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By Elizabeth O'Brien
January 23, 2018

It’s the big question at the heart of all retirement planning: how long will you live, and by extension, how long should your money last?

But you don’t need to tie yourself up in existential—or actuarial—knots trying to answer the unanswerable, financial advisors say. You just need to plan to live for a really long time. “We don’t run any of our financial plans to less than age 95 for expected date of death,” says Ed Vargo, a certified financial planner in Westlake, Ohio. “For our youngest clients, it’s 100.”

About a quarter of today’s 65-year-olds will live past age 90, and one out of 10 will live past age 95, according to the Social Security Administration. The stakes are high if you think you could never be one of them: You could run out of money at a stage of life when you can’t go back to work and make more.

Failing to appreciate your potential for longevity causes a cascade of related missteps, planners say. Below are three to watch out for.

Claiming Social Security Too Early

A third of people who began receiving Social Security in 2016 started at age 62, the earliest age you can claim retirement benefits, according to the Social Security Administration. For most people, that’s just too soon, experts caution. That’s because the longer you wait until age 70, the more you receive in monthly benefits.

“The longer people can delay, they get a longevity-protected, inflation-protected annuity that grows at 6.5% to 8.3% from age 62 to 70,” says Bruce Wolfe, executive director of the BlackRock Retirement Institute. “As an example, for individuals born between 1943 & 1954, the monthly check they would receive at 70 would be 76% larger than the check they would get at 62.”

Some people do a break-even analysis, calculating the age at which the amount you receive from Social Security is the same, whether you had started taking benefits at an earlier age or a later age. Under this analysis, you generally come out ahead if you die before reaching the break‐even age and you started collecting benefits at the earlier age. Conversely, you also come out ahead if you live beyond your break‐even age and started benefits at the later age.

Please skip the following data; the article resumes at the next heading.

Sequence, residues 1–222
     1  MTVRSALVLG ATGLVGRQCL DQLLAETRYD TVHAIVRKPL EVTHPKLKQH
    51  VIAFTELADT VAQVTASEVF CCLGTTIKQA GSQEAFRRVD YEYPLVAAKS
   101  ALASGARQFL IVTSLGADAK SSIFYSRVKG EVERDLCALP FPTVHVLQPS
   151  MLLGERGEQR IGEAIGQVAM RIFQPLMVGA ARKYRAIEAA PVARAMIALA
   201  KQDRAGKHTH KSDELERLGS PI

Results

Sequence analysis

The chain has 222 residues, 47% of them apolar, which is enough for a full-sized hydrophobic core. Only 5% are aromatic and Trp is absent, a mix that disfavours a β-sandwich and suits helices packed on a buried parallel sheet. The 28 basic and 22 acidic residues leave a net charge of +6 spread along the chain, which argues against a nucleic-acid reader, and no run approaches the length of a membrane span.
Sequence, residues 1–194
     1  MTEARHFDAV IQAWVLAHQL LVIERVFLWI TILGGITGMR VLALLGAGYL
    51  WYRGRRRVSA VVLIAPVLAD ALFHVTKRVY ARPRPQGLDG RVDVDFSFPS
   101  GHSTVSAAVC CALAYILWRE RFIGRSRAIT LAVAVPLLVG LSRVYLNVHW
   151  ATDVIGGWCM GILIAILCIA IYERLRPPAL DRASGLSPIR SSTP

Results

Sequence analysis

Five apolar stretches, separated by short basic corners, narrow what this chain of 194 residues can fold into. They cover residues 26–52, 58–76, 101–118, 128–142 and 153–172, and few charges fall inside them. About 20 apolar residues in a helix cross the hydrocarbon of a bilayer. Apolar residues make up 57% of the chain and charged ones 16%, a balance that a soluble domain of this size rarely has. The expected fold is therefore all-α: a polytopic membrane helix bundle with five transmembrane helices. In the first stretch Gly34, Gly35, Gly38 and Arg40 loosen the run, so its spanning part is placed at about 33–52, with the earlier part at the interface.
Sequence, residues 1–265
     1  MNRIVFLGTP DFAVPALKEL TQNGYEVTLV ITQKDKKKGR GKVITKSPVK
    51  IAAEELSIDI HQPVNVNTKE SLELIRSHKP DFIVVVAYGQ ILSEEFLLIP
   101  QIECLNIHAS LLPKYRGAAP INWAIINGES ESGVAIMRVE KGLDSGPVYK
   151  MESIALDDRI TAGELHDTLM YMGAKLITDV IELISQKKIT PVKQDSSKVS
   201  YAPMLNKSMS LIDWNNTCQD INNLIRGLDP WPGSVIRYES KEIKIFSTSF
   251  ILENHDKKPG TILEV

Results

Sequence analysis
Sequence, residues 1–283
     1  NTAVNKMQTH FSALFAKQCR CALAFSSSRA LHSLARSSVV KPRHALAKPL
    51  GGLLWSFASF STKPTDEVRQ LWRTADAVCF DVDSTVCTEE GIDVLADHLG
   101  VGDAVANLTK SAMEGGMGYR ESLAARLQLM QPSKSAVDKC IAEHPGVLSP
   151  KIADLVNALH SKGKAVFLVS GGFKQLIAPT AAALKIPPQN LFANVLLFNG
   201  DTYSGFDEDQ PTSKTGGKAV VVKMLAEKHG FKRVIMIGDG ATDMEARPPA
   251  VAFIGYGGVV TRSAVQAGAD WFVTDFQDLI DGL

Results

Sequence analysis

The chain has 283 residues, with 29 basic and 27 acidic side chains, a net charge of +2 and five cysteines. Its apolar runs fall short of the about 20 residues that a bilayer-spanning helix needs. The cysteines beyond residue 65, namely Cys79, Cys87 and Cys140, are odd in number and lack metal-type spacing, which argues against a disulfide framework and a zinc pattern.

Jean Setzfand, senior vice president with AARP, discourages this approach. She says people should focus not on their total lifetime benefit but on their monthly income, since that affects your standard of living more than an aggregate amount stretched out over decades.

To be sure, not everyone should delay taking Social Security. Those in very poor health, for example, may have reason to believe they won’t live long and should consider claiming at their earliest opportunity.

Discounting Inflation

Remember how much a pack of gum, or a gallon of gas, cost when you were a child, and how much they cost now by comparison? That’s inflation at work. You’d need $2.14 in December 2017 to buy what you could buy for $1 in 1987, according to the Bureau of Labor Statistics’ inflation calculator.

We’ve experienced a stretch of very low inflation in recent years, so retirees may get lulled into thinking it will stay low forever. But even if inflation remains manageable in the future, the purchasing power of your portfolio will shrink over time. And inflation could ramp up, especially with interest rates rising off their lows.

Those who discount inflation may be too conservative in their asset allocation. Most investors need a healthy allocation of stocks to power their portfolio’s growth. (One exception might be the very wealthy, who can afford to remain only in bonds.)

An old rule of thumb holds that, to get the percentage of your portfolio that should be in stocks, you subtract your age from 100. That still works, as long as the resulting number is considered the floor, Setzfand says. In other words, if you’re 70 years old, you should have a minimum of 30% of your portfolio in stocks, she says.

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Failing to Plan for Medical and Long-Term Care Costs

The cost of medical care rises higher than general inflation, at a rate of about 5% or 6% a year. A 65-year-old couple retiring in 2017 will need an average of $275,000 (in today’s dollars) to cover their medical expenses in retirement, according to Fidelity. This includes Medicare premiums and out-of-pocket costs, and the cost of certain items not covered by Medicare, such as hearing aids and dental work.

Fidelity’s projections assume average life expectancy for the couple and, notably, exclude the cost of long-term care. For the most part, Medicare does not pay for the type of care that most older adults need—that is, help with bathing, dressing and other activities of daily living. The median price of a semi-private room in a nursing home is $7,148 a month, and the median price of a home health aide is $4,099 a month, according to the 2017 Genworth Cost of Care Survey.

These are daunting numbers, to be sure. But they become less daunting if you plan for them. Ashley Foster, a certified financial planner at Gross & Foster Financial Services in Houston, recently had a couple engage his services in their early 50s. The couple had been diligent savers but hadn’t considered planning for their own long-term care needs until they began helping their aging parents. They bought a hybrid long-term care and life insurance policy that would provide funds for future long-term care, and, if that wasn’t needed, a small death benefit for their heirs.

Most retirees never allocate specific dollars to cover health and long-term care expenses in retirement, Foster says. Those who do mitigate a significant risk to their portfolios.

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